John Carney covers Wall Street and finance for CNBC.com, where he runs NetNet, the go-to blog to get the low-down and the high jinks of Wall Street.
Carney joined CNBC in 2010 after serving as managing editor of Business Insider's Wall Street and economics section. Prior to that he was editor in chief of DealBreaker.com, a Wall Street online tabloid.
His writing has appeared in The Wall Street Journal, The New York Times, The New York Sun, Page Six Magazine, the New York Post, Fortune, Gawker and New York magazine.
He is a frequent guest on CNBC's "Power Lunch" and public radio′s "Marketplace." His writing often takes controversial positions on business topics. He has argued, for example, that failed banks should not be bailed out, that Lehman′s collapse was not a disaster and that insider trading should be legal.
Carney received a law degree from the University of Pennsylvania and practiced corporate law at firms such as Skadden, Arps, Slate, Meagher & Flom and Latham & Watkins. He primarily represented banks, hedge funds and private equity firms.
Follow John Carney on Twitter @Carney.
Although deal volume is still running at less than half of the 2007 peak of nearly $1 trillion, M&A is making a comeback this year. A good portion of the growth has come not from the headline grabbing mega-mergers but from middle market deals ranging from $50 to $500 million, according to the independent research firm Accordion Partners.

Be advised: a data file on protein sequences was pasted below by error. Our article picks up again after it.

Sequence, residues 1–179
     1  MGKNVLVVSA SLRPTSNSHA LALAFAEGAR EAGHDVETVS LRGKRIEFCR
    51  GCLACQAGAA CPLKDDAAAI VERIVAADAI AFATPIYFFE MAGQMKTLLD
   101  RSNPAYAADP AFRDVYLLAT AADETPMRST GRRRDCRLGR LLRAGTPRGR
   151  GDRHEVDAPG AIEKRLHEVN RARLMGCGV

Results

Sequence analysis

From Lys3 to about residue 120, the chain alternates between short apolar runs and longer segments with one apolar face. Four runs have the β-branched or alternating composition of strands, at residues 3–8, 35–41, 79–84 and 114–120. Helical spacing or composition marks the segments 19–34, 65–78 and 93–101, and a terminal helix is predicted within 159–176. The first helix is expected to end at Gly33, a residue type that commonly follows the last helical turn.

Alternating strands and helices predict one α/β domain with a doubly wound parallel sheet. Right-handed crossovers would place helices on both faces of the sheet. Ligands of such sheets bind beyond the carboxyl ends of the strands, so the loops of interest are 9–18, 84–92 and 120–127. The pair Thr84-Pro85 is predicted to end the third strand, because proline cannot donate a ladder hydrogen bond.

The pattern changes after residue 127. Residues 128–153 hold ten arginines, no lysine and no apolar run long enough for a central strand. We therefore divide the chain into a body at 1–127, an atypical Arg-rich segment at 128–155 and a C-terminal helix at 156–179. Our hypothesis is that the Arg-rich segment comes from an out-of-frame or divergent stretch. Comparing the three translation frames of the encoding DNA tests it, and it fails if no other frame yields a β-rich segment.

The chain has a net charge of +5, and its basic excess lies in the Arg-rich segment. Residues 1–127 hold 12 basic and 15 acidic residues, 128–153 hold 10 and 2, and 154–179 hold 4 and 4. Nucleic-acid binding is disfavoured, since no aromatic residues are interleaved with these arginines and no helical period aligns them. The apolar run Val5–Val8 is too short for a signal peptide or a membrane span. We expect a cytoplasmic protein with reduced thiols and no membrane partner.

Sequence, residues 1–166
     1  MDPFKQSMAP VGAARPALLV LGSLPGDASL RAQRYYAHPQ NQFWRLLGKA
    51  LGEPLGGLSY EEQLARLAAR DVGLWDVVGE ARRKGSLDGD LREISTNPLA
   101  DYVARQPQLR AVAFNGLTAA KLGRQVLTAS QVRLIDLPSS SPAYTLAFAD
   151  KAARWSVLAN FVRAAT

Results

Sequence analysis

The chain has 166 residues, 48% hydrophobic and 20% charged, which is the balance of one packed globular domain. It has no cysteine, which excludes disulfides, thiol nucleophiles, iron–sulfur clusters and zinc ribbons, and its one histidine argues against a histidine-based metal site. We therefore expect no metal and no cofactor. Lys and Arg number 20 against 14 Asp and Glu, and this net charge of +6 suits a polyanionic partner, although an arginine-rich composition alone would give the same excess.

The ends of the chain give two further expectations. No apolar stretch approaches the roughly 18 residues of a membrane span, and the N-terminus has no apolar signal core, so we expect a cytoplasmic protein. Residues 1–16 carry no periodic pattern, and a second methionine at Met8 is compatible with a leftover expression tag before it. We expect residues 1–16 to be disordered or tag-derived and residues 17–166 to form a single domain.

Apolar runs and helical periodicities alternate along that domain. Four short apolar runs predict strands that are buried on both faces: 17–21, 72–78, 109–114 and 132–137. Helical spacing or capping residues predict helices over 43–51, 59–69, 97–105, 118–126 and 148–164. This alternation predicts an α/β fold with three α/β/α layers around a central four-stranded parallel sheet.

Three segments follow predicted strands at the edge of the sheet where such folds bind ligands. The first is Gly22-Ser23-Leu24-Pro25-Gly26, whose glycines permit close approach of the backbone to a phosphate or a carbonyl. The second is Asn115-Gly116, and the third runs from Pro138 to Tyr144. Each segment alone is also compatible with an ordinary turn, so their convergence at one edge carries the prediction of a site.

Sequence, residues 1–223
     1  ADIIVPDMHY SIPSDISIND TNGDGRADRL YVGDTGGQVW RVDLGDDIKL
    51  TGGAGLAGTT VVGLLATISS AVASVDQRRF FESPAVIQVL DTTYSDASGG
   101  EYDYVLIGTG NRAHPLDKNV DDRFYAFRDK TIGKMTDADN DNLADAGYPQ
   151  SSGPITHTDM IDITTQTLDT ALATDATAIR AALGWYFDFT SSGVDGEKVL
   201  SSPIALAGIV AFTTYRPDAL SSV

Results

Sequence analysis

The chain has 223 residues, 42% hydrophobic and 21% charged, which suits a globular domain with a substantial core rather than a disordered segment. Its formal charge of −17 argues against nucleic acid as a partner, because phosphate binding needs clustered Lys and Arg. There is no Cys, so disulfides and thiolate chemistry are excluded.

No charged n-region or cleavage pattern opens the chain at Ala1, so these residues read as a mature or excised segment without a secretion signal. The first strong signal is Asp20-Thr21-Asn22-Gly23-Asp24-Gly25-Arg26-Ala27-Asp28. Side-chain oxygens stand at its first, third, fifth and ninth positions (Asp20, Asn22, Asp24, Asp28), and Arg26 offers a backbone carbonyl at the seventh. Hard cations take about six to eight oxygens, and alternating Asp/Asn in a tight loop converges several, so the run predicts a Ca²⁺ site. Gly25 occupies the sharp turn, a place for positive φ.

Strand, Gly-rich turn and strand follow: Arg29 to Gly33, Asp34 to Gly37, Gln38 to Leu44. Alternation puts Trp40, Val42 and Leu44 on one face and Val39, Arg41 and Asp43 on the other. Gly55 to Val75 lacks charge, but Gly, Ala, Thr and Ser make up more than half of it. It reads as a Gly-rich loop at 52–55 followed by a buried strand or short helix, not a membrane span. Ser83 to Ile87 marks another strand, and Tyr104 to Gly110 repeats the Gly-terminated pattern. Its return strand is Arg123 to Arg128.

When the pilgrims who came to Plymouth they initially established a system of holding all property in common, pooling the proceeds from their hunting and farming. The predictable results of this small scale socialism ensued, producing corruption, famine and death, because the colonists lacked incentives to work.
James Altucher describes one of the alleged insider trades made by Galleon:
“They could have just as easily come in before hours and gotten what they wanted,” said an employee at Diamondback Capital Management. “Why did this have to be in a dramatic, Hollywood manner?”
Some of the recent speculation about where rates are going seems to have gotten at least a bit overdone.
As another key debt payment date closes in, here's a primer on what you should know.
The latest record to fall is for not doing much of anything at all.
Think about the Chinese economy and stock market as basically being a fun-house mirror view of its American counterpart.
"Money for nothing" interest rate policies have failed, the bond guru said in a broadside against global central banks.
Bank of Ireland, which was bailed out during the country's debt crisis, reported soaring profits for the first half of 2015 as bad debts were reduced.
Lloyds Banking Group reported a 15 percent jump in pre-tax profit for the first half of 2015 to £4.4 billion ($6.9 billion) on Friday.